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February 14, 2016
Petronas Anticipated Townhall
IF you casually ask any employee of Petroliam Nasional Bhd (Petronas) if they have been affected in any way by the plummeting crude oil prices they are likely to say this: 'ask again in early March'..
Because that’s when Petronas’ top management will be addressing all employees in what is turning out to be one of the most highly anticipated townhall briefings in the history of Malaysia’s only Fortune 500 company.
On that day, likely to be Friday March 4th, president and CEO Datuk Wan Zulkiflee Wan Ariffin is expected to announce some significant measures to reduce the operational expenditure (opex) of Petronas, among other things.
Not surprisingly, the water-cooler chatter in the company is now centred on what the chief executive of the national oil company will say in the townhall address.
Sources say among options that may come out is a pay cut among senior management of the national oil company. Another possibility is a reduction in the number of working days for some employees.
Previously, Petronas’ management have denied contemplating the laying off of employees. It is unclear if this is still the case today.
The affable Wan Zulkiflee has had a challenging task of steering Petronas through it toughest times amidst the current oil price rout since taking over the reins last April.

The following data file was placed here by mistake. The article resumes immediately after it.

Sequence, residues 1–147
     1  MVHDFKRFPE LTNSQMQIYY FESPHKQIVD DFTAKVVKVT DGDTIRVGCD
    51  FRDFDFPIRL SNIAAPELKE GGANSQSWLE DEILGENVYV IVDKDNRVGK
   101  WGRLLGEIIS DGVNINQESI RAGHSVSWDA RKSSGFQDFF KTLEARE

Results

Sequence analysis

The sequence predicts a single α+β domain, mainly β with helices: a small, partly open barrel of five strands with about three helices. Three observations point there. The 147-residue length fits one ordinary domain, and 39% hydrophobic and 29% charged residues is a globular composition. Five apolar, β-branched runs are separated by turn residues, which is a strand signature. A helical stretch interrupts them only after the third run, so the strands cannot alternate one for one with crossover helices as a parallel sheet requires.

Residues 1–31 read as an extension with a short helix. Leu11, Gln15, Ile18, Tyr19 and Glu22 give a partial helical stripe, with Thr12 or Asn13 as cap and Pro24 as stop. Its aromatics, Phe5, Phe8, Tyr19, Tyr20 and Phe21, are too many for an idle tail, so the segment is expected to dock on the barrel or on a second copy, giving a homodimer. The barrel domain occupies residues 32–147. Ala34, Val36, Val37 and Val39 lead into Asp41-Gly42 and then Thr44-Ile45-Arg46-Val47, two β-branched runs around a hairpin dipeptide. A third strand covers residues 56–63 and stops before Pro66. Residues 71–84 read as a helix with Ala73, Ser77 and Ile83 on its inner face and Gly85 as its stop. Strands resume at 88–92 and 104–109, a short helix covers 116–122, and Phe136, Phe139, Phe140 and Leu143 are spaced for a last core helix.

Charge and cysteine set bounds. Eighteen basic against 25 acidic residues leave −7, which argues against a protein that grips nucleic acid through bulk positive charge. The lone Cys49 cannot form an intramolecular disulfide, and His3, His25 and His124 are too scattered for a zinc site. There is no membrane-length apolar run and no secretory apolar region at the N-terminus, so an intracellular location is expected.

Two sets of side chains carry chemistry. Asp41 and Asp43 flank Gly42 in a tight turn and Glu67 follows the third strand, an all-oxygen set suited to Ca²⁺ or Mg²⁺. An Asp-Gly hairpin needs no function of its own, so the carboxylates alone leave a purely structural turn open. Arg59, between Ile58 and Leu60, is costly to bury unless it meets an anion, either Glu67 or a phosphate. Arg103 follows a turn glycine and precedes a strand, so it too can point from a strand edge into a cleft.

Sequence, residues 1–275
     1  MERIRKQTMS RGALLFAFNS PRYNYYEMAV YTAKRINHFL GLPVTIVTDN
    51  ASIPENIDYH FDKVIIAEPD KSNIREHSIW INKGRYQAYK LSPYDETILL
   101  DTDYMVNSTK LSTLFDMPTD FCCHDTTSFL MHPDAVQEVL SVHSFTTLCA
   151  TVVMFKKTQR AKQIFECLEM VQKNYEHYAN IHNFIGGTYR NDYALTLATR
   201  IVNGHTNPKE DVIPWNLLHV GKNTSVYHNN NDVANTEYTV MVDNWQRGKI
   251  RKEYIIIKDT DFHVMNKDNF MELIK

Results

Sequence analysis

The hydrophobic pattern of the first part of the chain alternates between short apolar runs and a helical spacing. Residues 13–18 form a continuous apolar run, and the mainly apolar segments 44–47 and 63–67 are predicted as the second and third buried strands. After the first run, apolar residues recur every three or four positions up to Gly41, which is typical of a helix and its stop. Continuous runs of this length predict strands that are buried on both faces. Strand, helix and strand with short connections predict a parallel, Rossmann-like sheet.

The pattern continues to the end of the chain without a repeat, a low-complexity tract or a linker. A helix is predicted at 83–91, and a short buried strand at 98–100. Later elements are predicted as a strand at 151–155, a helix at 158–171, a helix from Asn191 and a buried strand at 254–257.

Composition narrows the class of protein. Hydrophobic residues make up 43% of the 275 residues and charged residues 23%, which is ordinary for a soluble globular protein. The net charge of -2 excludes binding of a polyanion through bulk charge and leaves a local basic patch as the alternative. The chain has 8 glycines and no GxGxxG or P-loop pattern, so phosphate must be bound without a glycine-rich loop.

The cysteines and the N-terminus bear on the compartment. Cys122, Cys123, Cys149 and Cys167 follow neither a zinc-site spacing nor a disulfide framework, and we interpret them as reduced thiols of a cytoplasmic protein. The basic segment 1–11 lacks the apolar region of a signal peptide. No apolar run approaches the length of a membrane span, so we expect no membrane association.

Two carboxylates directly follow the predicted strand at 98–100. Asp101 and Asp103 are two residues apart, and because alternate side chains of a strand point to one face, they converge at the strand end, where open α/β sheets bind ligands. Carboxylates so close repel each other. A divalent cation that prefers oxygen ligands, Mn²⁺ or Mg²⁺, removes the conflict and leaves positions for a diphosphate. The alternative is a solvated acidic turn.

Besides having to make tough decisions to reduce costs, moves that impact the livelihoods of the thousands of employees, contract staff, agents, contractors and other business associates of the oil giant, Wan Zul had also inherited two massive projects which had been entered into by Petronas when the price of oil was above US$100 a barrel. These are the Refinery and Petrochemicals Integrated Development (Rapid) project in Pengerang, Johor and the US$36bil (RM137bil) Petronas-led Pacific NorthWest LNG project in Canada.
Sources say that at the coming town hall address, Wan Zul will reaffirm Petronas’ commitment to both projects. This would not be a surprising move, considering that Petronas has been indicating its support for these projects throughout this oil crisis. Petronas has indicated that there is wisdom in such a move as the renegotiation of contracts in the current climate can lead to a lower cost of build up of these projects. Petronas could then reap the benefits of that when the price of oil recovers.
About a month ago, Wan Zul wrote a note to all employees of Petronas, noting among other things that the company needed to undertake another round of cost cutting and a change in business model.
In the note, Wan Zul also acknowledged the general concern and anxiety of Petronas’ staff on their job security and had said this: “I believe that honest, open communication is key to keeping us united as a team and trudging forward together. For now, I sincerely ask for your understanding, cooperation and support in this difficult time. We need to keep on going, keep on striving. There is still much to fight for and as long as we don’t stop, we will move forward.”
The note is a clear precursor to his upcoming townhall address.
Petronas had embarked on cost cuts by slashing opex and capital expenditure since early last year and has a staff strength of reportedly 51,000. Petronas now targets to cut up to RM50bil in costs over the next four years and defer some of its projects.
Last year, Petronas cut its capex by 30% and opex by 20%. It generally allocates more than RM350bil in capex over five years.